Welcome back to the Sunday Mass notes. This week we open with the first reading from the Prophet Jonah who wrote about events that happened just before the Northern Tribes of Israel were taken captivity by the people about whom he was writing. Then we move to the second reading from Saint Paul’s First Letter to the Corinthians and then close with the Gospel lesson from Saint Mark.
Introduction to the First Reading:
The first reading is from the Book of Jonah. Jonah was a Prophet who came from the region near Jesus’ hometown of Nazareth. The context of the reading is the fulfillment of God’s call to Jonah to go to Nineveh to preach to his foreign Gentile enemy. You may be familiar with what transpired in the first two chapters before Jonah finally obeyed God. His disobedience included getting on a ship going in the opposite direction at which point a fierce storm arose that threatened the lives of all of those on the ship. The sailors threw Jonah overboard where he was swallowed by a great fish. After being in the belly of the fish for three days and three nights it finally vomited him up on the shore. This is where we enter the story. Note: All of the verses in the range from 1-10 have been included in order to provide the full context and meaning.
1 Now the word of the LORD came to Jonah the second time, saying, 2 "Arise, go to Nineveh the great city and proclaim to it the proclamation which I am going to tell you." 3 So Jonah arose and went to Nineveh according to the word of the LORD. Now Nineveh was an exceedingly great city, a three days' walk. 4 Then Jonah began to go through the city one day's walk; and he cried out and said, "Yet forty days and Nineveh will be overthrown." 5 Then the people of Nineveh believed in God; and they called a fast and put on sackcloth from the greatest to the least of them. 6 When the word reached the king of Nineveh, he arose from his throne, laid aside his robe from him, covered himself with sackcloth and sat on the ashes. 7 He issued a proclamation and it said, "In Nineveh by the decree of the king and his nobles: Do not let man, beast, herd, or flock taste a thing. Do not let them eat or drink water. 8 But both man and beast must be covered with sackcloth; and let men call on God earnestly that each may turn from his wicked way and from the violence which is in his hands. 9 Who knows, God may turn and relent and withdraw His burning anger so that we will not perish." 10 When God saw their deeds, that they turned from their wicked way, then God relented concerning the calamity which He had declared He would bring upon them. And He did not do it. (Jonah 3:1-10)
What does this story teach us about God, the human condition, and our life in the world. First, we see that God is a God of second changes. Verse one says, “Now the word of the LORD came to Jonah the second time.” Second, God is a God of compassion and mercy. He sent Jonah to Nineveh as a mission of mercy to inform the people that Nineveh was going to be destroyed. Thirdly, we learn that God rewards faith (Hebrews 11:6). Verse 5 says that the Ninevites believed God and showed that in their actions. Fourth, we learn that God responds to their repentance by not destroying them. Finally, we learn that God’s plan of salvation extends beyond the Jews to the Gentiles (Jonah 4:11).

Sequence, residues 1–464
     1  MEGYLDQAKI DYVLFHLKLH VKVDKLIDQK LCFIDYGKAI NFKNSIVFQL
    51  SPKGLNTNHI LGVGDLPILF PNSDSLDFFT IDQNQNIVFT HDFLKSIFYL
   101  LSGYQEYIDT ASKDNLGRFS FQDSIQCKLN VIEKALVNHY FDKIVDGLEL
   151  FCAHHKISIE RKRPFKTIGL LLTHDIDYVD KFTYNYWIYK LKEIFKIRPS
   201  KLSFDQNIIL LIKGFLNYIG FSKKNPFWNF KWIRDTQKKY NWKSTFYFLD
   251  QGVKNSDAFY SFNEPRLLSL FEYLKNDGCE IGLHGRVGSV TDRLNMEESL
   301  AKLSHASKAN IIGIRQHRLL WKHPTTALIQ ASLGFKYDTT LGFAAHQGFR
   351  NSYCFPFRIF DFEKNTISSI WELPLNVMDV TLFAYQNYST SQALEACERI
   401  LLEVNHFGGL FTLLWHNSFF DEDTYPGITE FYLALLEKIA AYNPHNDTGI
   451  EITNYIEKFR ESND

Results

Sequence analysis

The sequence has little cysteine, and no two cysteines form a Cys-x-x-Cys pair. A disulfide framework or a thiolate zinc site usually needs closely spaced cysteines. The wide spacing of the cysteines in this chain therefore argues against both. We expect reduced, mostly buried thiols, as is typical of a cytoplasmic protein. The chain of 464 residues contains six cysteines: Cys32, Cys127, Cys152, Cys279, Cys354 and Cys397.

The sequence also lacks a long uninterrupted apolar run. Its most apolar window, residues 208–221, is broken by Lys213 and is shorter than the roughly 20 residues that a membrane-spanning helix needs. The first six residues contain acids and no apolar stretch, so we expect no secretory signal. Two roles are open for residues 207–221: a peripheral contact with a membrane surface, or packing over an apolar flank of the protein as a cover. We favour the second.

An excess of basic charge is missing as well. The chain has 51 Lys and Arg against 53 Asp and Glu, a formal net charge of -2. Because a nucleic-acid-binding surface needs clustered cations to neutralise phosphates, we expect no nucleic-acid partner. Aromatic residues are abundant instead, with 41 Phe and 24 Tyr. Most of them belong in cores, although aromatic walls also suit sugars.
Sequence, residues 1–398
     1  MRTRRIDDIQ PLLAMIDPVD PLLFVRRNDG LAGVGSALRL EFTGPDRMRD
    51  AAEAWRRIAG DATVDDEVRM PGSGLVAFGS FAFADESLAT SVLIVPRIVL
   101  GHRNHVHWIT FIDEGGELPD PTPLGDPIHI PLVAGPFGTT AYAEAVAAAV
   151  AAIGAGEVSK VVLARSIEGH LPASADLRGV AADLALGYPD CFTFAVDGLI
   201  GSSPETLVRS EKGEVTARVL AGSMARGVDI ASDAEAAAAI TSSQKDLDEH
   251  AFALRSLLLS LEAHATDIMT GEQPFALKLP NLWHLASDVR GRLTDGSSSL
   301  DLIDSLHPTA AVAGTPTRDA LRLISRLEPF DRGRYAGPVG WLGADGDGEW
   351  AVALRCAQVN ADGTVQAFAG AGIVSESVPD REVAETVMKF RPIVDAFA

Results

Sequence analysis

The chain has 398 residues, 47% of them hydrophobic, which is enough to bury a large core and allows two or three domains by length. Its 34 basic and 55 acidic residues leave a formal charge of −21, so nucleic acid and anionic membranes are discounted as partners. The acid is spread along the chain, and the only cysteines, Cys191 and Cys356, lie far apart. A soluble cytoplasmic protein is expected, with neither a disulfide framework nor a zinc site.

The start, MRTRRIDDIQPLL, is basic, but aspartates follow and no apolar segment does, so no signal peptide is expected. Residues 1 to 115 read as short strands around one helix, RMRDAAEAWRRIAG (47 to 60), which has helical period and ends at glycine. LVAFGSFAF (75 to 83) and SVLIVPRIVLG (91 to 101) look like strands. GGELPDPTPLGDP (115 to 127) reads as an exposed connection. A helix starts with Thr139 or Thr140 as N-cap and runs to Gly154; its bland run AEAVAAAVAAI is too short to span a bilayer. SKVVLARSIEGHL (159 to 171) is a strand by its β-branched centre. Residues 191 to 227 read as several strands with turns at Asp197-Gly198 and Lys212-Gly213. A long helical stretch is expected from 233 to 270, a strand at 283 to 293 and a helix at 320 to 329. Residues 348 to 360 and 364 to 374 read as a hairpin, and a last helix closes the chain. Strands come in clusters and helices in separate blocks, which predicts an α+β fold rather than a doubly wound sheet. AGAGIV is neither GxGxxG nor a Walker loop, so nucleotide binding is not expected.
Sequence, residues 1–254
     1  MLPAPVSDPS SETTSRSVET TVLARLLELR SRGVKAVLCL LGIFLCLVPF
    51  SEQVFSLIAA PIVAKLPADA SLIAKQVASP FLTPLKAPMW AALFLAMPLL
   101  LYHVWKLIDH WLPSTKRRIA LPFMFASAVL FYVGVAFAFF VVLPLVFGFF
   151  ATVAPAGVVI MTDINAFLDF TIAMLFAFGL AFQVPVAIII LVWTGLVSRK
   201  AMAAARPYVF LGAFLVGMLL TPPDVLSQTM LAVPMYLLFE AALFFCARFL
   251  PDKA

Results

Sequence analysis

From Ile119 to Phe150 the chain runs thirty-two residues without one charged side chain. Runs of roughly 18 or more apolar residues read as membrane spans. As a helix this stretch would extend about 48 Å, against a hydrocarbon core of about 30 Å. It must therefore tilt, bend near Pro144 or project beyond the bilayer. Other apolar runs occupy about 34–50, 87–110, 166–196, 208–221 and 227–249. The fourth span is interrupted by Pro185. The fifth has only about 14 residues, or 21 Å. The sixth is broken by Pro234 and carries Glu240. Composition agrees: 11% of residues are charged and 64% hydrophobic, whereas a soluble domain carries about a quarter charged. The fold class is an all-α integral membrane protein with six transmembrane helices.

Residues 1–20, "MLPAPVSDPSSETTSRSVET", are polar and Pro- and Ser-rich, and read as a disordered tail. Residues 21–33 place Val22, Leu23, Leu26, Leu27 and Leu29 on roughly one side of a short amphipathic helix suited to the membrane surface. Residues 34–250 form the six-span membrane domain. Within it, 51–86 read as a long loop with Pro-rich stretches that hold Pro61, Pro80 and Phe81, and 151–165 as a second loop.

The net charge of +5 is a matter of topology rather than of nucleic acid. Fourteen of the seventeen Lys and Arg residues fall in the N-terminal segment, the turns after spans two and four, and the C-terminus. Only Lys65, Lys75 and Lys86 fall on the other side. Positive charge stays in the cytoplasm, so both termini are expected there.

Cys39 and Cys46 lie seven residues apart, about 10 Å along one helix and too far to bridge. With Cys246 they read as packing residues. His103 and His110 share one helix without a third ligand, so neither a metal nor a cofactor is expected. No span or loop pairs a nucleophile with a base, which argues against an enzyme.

Jonah was reluctant to bring this message of salvation to the Gentiles who were also his enemies. This story provides insight to the human heart. Even though Jonah had received a direct revelation from God as a prophet, he was at first unwilling to share that message with those whom he deemed unworthy. There is a little bit of this in all of our hearts, it is called spiritual pride. In contrast to Jonah’s hard heartedness we see the surprise responsive hearts of the Ninevites (Gentile enemies of Israel). The Lord is no respecter of persons. We have this concept corroborated in Acts 10, “Opening his mouth, Peter said: "I most certainly understand now that God is not one to show partiality, but in every nation the man who fears Him and does what is right is welcome to Him” (Acts 10:34-35). The story of Jonah reminds us to reflect God’s heart, which loves all people (John 3:16).
Introduction to the Second Reading:
The second reading is from Saint Paul’s First Letter to the Corinthians. The context is that Paul is answering questions that the Corinthian church had asked him. In this particular section, he deals with marriage, singleness, circumcision, and buying one’s freedom from indentured servanthood. This passage relays the criteria for making decisions that drastically changes one’s life.
29 But this I say, brethren, the time has been shortened, so that from now on those who have wives should be as though they had none; 30 and those who weep, as though they did not weep; and those who rejoice, as though they did not rejoice; and those who buy, as though they did not possess; 31 and those who use the world, as though they did not make full use of it; for the form of this world is passing away. (1 Corinthians 7:29-31)